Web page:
(Excerpts from a conversation with Jai-Jagdeesh)
“Aykaa Maaee is the 30th pauri of Japji, and it is said to turn us into saints and sages. It is a really beautiful section of Japji, which is the morning prayer of the Sikh tradition. It holds this vessel that is almost indescribable to me. It touches a lot of aspects of femininity, divine femininity. In my experience, one of the things this mantra does, very specifically what it does for me, is brings into harmony my divine masculine and my divine feminine. Each of us has both within us, however we identify ourselves in the outside. We carry both energies, and each of us has a different balance of the two.
“The divine feminine has particular qualities, particular strengths, particular freedoms. The divine masculine has other sets of strengths, qualities, freedoms, and each of us taps into those energies in slightly different ways and different proportions. When those energies are balanced according to what is right for us, we have more freedom. We are more connected to who we truly are. We are able, I think, to have more of an impact in the world, in what we say and in what we do because it is coming from a truly grounded and balanced place that is right for us. So chanting or listening to this mantra has always had that type of impact on me. It just harmonizes everything in my cells.
“The way in which this song came into being is through collaboration with a band mate of mine, Tripp Dudley, who is just an extraordinary soul. If you have seen him in action, he is an incredibly gifted percussionist. He had this busted up old guitar that he liked to bring on the road so that he can just sit down and tinker around. So, Tripp decided to bring his guitar with him, and any time he needed to get himself grounded or have a distraction or pass some time, he would reach for it. So one day, he was playing this really beautiful chord progression, played in that sort of plucky way, fingerpicking is the correct term. So he was playing, and I said ‘Oh my goodness what is that?’ and he said, ‘Oh, it’s just something I’ve been playing around with, writing piece by piece.’ I, very unapologetically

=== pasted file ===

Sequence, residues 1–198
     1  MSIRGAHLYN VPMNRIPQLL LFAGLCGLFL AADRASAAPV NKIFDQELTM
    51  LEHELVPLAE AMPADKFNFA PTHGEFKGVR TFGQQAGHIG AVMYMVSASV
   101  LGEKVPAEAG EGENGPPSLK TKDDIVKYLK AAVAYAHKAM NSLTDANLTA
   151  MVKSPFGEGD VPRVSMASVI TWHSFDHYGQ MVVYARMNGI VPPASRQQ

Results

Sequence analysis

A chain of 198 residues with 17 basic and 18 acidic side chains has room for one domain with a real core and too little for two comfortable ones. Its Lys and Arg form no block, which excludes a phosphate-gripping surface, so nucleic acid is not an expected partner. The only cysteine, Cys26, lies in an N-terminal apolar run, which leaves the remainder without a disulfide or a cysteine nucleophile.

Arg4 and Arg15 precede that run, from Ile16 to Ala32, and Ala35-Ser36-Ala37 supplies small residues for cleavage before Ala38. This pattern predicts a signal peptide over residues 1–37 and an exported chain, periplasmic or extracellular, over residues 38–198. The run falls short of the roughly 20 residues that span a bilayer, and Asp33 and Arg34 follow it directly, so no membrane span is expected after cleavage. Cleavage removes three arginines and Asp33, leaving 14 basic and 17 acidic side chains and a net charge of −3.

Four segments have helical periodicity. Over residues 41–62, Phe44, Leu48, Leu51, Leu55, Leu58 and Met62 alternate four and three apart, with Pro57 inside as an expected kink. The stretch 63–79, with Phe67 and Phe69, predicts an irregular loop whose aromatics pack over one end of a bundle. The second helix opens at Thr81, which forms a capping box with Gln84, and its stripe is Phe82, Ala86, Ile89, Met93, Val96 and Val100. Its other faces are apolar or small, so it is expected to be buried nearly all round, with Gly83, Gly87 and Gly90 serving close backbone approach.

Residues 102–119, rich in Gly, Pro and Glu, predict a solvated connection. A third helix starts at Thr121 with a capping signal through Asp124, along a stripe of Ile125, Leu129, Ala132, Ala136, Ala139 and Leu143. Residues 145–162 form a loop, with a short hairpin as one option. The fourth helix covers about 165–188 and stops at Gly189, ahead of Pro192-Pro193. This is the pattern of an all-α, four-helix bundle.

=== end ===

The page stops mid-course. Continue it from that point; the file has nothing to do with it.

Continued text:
said, ‘Can I have it? I love it, I think it is beautiful.’
“He didn’t make any promises, he didn’t say yes or no, or anything like that. We just laughed about it a little bit. Then a couple of weeks later, we were on our way to a gig in Connecticut, and Tripp got a phone call from his mother letting him know that his grandfather had passed. As you can imagine, his heart was so heavy.
“When we lose a loved one, well we never really lose a loved one, but it certainly feels like that. The physical body is no longer present, and he had quite a heartbroken afternoon that day. We had an event to do, and so we headed in that general direction and went through our setup process. I had, for a while, had this little idea of what lyrics I could put into this beautiful chord progression he had written. There was no melody yet, and I had something swirling in my mind, but it hadn’t yet gelled. It didn’t have its full form.
“That evening, after soundcheck, after we had our meal, after we got hugs from our producers and hosts, we took the stage I turned to Tripp and said ‘Hey, you know that piece, can you play that piece?’ He said, ‘Yeah, but we haven’t really written anything for it. I’ll be happy to, but what are you going to do?’ I said, ‘I think I have an idea.’
“He played it, and I sang this exactly the way we recorded it, and we went through it 5 times, each time building it a bit bigger, and then on the 5th time breaking it all down like this. Just let it crumble, very organically finished it, and I knew for myself it would never change, whether or not he let me record it.
“We would do it live as much as we possibly could, and it would be exactly the way it had been that evening, holding that space, holding space for that grief, but also holding this very sacred center, for his masculine polarity, my feminine polarity, the masculine within me, the feminine within him, and the energies of every single person in that room, I think, contributed to the creation of this piece.”